Naive diversification

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Naïve diversification is a choice heuristic (also known as "diversification heuristic"[1]). Its first demonstration was made by Itamar Simonson in marketing in the context of consumption decisions by individuals.[2] It was subsequently shown in the context of economic and financial decisions. Simonson showed that when people have to make simultaneous choice (e.g. choose now which of six snacks to consume in the next three weeks), they tend to seek more variety (e.g., pick more kinds of snacks) than when they make sequential choices (e.g., choose once a week which of six snacks to consume that week for three weeks). That is, when asked to make several choices at once, people tend to diversify more than when making the same type of decision sequentially.

Subsequent research replicated the effect using a field experiment: on Halloween night, young trick-or-treaters were required to make a simultaneous or subsequent choice between the candies they received. The results showed a strong diversification bias when choices had to be made simultaneously, but not when they were made sequentially.[3]

Shlomo Benartzi and Richard Thaler commented on Read and Loewenstein's research: "This result is striking since in either case the candies are dumped into a bag and consumed later. It is the portfolio in the bag that matters, not the portfolio selected at each house."[4] Following on the naive diversification showed by children, Benartzi and Thaler turned to study whether the effect manifests itself among investors making decisions in the context of defined contribution saving plans. They found that "some investors follow the '1/n strategy': they divide their contributions evenly across the funds offered in the plan. Consistent with this Naïve notion of diversification, we find that the proportion invested in stocks depends strongly on the proportion of stock funds in the plan." This finding is particularly troubling in the context of laypersons making financial decisions, because they may be diversifying in a way that is sub-optimal.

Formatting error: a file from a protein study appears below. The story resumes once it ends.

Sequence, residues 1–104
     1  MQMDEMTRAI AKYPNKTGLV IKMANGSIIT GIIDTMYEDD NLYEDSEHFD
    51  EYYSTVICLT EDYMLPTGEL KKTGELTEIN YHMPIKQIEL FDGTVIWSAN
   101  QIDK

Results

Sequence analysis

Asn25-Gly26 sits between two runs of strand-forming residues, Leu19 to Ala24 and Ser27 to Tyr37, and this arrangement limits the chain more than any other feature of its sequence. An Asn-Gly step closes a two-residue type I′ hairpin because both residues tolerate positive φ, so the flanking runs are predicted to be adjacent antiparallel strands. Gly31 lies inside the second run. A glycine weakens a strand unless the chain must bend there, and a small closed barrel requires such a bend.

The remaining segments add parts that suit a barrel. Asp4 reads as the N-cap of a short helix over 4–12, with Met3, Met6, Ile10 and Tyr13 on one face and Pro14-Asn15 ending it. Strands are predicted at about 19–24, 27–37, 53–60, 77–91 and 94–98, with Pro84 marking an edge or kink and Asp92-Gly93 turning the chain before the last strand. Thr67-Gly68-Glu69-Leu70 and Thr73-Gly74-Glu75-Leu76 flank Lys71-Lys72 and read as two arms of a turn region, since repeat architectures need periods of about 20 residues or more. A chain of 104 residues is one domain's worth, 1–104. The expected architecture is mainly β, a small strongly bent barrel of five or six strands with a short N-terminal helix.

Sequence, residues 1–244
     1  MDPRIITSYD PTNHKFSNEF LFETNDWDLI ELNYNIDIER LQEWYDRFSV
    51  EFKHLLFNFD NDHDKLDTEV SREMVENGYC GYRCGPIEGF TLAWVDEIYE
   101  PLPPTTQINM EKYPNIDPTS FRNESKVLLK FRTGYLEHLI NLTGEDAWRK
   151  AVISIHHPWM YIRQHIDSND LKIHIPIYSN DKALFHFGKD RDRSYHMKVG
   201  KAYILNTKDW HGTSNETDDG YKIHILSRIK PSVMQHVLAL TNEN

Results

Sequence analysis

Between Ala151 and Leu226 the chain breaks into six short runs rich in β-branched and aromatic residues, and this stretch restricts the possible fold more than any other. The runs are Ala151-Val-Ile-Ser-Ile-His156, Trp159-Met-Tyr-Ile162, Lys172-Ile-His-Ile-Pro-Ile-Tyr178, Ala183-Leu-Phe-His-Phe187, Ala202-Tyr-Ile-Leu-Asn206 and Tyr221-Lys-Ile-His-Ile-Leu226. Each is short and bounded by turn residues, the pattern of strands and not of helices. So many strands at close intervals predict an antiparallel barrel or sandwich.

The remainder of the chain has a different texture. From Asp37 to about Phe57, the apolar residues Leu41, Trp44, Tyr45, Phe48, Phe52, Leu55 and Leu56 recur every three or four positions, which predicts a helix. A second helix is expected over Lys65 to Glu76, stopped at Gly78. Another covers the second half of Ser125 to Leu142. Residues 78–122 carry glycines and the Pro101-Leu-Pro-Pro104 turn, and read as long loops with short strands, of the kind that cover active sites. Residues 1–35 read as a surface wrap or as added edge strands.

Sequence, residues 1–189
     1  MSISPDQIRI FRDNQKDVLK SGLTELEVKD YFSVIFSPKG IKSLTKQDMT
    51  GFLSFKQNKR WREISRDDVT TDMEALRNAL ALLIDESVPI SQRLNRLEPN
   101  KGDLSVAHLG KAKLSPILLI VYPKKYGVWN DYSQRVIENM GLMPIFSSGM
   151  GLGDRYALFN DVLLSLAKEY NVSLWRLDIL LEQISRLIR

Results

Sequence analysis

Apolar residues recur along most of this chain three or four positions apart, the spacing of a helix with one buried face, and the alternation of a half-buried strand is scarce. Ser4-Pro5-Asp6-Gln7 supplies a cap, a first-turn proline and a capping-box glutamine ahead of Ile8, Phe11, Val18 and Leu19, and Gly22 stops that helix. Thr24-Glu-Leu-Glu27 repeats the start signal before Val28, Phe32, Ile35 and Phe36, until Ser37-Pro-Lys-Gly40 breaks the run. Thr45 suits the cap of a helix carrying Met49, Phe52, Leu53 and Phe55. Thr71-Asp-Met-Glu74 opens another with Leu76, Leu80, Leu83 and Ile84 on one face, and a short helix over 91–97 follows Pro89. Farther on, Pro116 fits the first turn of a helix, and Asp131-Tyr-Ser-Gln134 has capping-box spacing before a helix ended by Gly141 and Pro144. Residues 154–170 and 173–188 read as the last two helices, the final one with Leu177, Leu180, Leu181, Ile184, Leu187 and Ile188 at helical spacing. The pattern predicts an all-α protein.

Doron Kliger, Martijn van den Assem and Remco Zwinkels show that naïve reliance on the diversification rule is not limited to lay people and laboratory subjects. They distributed a questionnaire among behavioral finance researchers who had submitted a paper or had been asked to review a paper for a special issue of the Journal of Economic Behavior and Organization. Such experts are supposedly well-informed about the roles of heuristics and biases in judgment and decision making. The questions related to the relative importance of different types of research in their field. Half of the potential respondents received the version where each question listed two or three possible types. The other half received exactly the same questions, but in their version one of the two or three types was further partitioned into finer components. The results show that these experts heavily relied on the diversification heuristic when they expressed their views about the future of their profession.[5]

Daniel Fernandes observed the naïve diversification among samples of undergraduates, PhD students, professors of finance, staff members at the university and Mturk workers. He used a similar procedure to Benartzi and Thaler's experiment about savings allocations to elicit the naïve diversification bias of each individual subject. Respondents were asked to make two hypothetical decisions. In the first decision, respondents had to allocate their savings to five funds, of which four were stock funds. In the second decision, respondents had to allocate their savings to five funds, of which four were fixed-income funds. The results replicate the original finding that respondents were way more likely to invest in stocks when the proportion of stock funds was larger. In addition, several individual difference scales were measured. Only differences in focus on intuition correlate with the naïve diversification bias. The more investors use intuitive judgments, the more they display the naïve diversification bias.[6]

References[edit]

  1. ^ Read, Daniel; Loewenstein, George (1995). "Diversification Bias: Explaining the Discrepancy in Variety Seeking between Combined and Separated Choices". Journal of Experimental Psychology: Applied. 1: 34–49. doi:10.1037/1076-898x.1.1.34. 
  2. ^ Simonson, Itamar (1990). "The Effect of Purchase Quantity and Timing on Variety-Seeking Behavior". Journal of Marketing Research. 27: 150–162. doi:10.2307/3172842. 
  3. ^ Read, Daniel; Loewenstein, George (1995). "Diversification Bias: Explaining the Discrepancy in Variety Seeking between Combined and Separated Choices". Journal of Experimental Psychology: Applied. 1: 34–49. doi:10.1037/1076-898x.1.1.34. 
  4. ^ Benartzi, Shlomo; Thaler, Richard H. (2001). "Naïve Diversification Strategies in Defined Contribution Saving Plans". American Economic Review. 91: 79–98. doi:10.1257/aer.91.1.79. 
  5. ^ Kliger, Doron; van den Assem, Martijn; Zwinkels, Remco (2014). "Empirical Behavioral Finance". Journal of Economic Behavior and Organization. 107 (Part B): 421–427. SSRN 2518102Freely accessible. 
  6. ^ Fernandes, Daniel (2013). "The 1/N Rule Revisited: Heterogeneity in the Naïve Diversification Bias". International Journal of Research Marketing. 30: 310–313. doi:10.1016/j.ijresmar.2013.04.001.